Last week, Computacenter opened the first facility in the UK to offer multi-supplier proof-of-concept and testing services in an independent environment.
Managing risk can be the trickiest part of an IT project. While the technologies may look fine on the drawing board, there is always the possibility that the gremlins will come out in force when all the elements of the project are put together.
However, suppliers claim that facilities such as Computacenter's Solutions Centre, which have vast arrays of the latest hardware and software technology, could help ease the implementation of large projects.
IT analysts agree. Miriam Bromnick, senior analyst at research firm Ovum said, "It allows people to reduce the level of risk in IT projects." The sheer scale of the centre and the amount of hardware on offer is sure to benefit users.
Implementing major IT projects is a risky business. The problems recently encountered by the Public Record Office's 1901 census site have highlighted the importance of meticulous preparation, especially when it comes to issues such as load testing.
Mike Norris, Computacenter's chief executive, said, "The Solutions Centre will enable businesses to minimise the risks of deploying new technology while maximising their return on investment. It will play a crucial role in IT decision-making for organisations across the UK."
The facility, which cost £3.5m to build, contains "millions of pounds worth of kit", including an IBM Regatta server and one of Europe's first Sun Fire 15K machines from Sun Microsystems.
The highly secure site has eight testing labs, allowing up to eight different users to work on projects at any one time. Users are issued with security passes that only give them access to their own labs.
The sheer scale of the testing centre is impressive. The centre currently offers technology from about 50 different hardware suppliers and 50 software suppliers, although Computacenter plans to expand this in the future.
Cornhill Insurance was one of the first companies to use the Solutions Centre. It is using the site to beta test a storage project. Rob Adams, IT infrastructure and planning manager at Cornhill, explained, "The Solutions Centre provides a simulated production environment where we can evaluate the proposed storage architecture." This has reduced the element of risk and shortened the time it would have taken to complete the evaluation internally.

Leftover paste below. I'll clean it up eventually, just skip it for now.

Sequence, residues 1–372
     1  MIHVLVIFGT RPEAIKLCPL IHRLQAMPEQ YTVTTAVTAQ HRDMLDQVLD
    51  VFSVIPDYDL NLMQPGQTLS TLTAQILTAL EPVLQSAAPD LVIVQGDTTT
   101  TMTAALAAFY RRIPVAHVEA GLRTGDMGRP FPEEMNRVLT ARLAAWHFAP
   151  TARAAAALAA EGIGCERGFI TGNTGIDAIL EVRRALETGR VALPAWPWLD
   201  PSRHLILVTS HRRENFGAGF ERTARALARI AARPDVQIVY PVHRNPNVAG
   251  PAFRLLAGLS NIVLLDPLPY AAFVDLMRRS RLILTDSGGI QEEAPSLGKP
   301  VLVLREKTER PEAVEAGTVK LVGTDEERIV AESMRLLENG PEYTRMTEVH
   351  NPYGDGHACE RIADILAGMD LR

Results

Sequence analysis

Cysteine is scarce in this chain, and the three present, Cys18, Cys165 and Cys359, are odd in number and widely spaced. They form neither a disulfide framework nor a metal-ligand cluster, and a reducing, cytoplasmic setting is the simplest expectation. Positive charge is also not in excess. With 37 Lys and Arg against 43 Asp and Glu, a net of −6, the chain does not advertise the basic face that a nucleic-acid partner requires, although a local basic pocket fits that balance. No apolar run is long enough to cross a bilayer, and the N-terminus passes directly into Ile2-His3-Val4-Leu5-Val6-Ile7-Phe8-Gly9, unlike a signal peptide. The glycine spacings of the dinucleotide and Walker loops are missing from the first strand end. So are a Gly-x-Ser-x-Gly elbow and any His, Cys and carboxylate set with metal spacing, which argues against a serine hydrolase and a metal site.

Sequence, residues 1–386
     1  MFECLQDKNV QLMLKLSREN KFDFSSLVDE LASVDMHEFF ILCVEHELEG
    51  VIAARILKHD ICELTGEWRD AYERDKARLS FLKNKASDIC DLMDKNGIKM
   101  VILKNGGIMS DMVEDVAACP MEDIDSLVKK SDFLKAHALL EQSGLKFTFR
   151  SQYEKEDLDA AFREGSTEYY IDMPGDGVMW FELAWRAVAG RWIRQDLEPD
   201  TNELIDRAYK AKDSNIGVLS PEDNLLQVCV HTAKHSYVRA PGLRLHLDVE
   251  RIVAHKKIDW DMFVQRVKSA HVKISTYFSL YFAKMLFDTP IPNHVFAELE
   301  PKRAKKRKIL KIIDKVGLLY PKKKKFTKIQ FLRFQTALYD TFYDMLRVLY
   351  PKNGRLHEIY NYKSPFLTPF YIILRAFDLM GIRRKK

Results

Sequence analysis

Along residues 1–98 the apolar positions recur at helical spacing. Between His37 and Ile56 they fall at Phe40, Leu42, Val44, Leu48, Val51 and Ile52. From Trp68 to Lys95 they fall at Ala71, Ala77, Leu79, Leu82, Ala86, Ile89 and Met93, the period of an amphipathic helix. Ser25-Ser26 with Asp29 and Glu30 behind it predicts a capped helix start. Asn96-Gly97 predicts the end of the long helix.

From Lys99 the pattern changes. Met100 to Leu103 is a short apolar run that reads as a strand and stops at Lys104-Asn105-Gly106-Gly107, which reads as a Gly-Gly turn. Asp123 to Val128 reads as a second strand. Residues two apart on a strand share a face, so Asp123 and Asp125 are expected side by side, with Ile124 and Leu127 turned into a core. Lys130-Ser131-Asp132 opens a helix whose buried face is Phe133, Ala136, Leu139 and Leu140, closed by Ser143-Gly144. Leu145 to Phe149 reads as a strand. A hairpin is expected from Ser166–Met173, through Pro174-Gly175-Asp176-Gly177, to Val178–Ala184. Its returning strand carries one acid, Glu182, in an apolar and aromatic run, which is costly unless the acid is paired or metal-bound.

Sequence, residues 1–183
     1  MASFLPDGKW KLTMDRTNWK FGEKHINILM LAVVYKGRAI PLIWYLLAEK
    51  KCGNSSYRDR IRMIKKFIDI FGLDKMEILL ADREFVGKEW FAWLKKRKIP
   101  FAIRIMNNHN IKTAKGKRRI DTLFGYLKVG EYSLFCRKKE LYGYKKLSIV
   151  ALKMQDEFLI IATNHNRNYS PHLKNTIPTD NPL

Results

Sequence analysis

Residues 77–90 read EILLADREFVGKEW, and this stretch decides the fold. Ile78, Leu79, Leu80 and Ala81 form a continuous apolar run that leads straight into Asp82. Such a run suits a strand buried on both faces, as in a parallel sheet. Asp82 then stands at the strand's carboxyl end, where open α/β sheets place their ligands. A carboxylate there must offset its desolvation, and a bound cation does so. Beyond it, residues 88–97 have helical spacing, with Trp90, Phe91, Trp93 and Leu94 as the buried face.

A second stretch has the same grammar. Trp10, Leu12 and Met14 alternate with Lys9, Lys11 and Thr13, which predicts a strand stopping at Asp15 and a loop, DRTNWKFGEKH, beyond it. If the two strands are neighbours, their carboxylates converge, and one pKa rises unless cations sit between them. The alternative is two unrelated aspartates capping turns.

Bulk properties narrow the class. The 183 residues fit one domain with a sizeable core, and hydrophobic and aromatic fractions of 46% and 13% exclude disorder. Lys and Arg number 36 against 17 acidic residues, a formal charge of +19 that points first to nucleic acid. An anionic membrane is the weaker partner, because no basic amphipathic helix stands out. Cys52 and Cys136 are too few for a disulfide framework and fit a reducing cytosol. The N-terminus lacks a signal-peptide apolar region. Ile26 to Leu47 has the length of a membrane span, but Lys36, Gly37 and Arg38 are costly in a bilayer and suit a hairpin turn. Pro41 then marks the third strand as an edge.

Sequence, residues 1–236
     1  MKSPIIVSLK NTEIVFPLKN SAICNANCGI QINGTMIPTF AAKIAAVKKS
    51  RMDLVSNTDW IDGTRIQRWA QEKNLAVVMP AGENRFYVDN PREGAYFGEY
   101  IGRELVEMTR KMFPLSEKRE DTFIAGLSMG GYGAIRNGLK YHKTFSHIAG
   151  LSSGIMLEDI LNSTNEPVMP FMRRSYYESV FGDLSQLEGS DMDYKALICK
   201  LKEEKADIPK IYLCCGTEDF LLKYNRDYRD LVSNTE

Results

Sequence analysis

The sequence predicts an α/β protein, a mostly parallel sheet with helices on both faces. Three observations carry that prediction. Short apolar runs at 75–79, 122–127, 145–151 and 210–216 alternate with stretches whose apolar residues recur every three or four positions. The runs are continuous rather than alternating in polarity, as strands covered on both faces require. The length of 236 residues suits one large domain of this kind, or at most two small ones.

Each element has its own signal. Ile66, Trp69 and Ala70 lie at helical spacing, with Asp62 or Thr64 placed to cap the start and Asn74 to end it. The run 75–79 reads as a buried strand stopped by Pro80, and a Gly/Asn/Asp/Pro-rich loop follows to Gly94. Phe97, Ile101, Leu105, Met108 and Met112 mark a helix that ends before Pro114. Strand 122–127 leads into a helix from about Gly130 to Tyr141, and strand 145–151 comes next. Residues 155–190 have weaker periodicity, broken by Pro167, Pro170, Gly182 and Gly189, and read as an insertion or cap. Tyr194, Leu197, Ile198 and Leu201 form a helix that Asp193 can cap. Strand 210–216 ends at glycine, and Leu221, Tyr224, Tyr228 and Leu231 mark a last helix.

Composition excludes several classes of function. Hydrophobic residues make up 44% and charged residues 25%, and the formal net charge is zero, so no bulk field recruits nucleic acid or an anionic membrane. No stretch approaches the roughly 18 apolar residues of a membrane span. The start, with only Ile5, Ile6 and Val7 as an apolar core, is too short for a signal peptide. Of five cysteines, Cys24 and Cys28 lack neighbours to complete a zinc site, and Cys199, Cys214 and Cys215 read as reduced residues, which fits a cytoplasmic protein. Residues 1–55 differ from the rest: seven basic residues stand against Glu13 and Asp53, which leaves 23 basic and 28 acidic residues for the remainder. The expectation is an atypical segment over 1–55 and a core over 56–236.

It certainly makes sound business sense to test IT projects prior to rolling them out. At the end of the day, companies want to be on the front pages of the newspapers for their successes not their failures.
Testing centres are not only beneficial to projects in the development stage. "If people have left their testing until late in the project life-cycle, facilities such as
the testing centre could give them the opportunity to quickly get back on track," explained Bromnick. However, it is always cost-effective to plan testing as early as possible in the project lifecycle, she warned.
One area that has an extremely patchy record of implementing major IT projects is the public sector. Even government ministers have highlighted the likes of the Passport Office fiasco as underlining the need for effective management of IT projects.
Computacenter said the Solutions Centre offers the perfect environment for the Government to test major IT schemes. The services specialist has even built a test area specifically for government projects which has been designed according to MoD security guidelines.
Norris was unable to confirm whether any government projects are currently being tested there, although he did admit that the facility would be perfect for the type of IT projects undertaken by Whitehall.
When it comes to managing risk on large scale projects, some organisations may feel they have the in-house skills to deal with the complexities involved, but for others, using a testing centre such as the one built by Computacenter could be a worthwhile investment. "They can increase their insurance against risk by using these resources," Bromnick explained.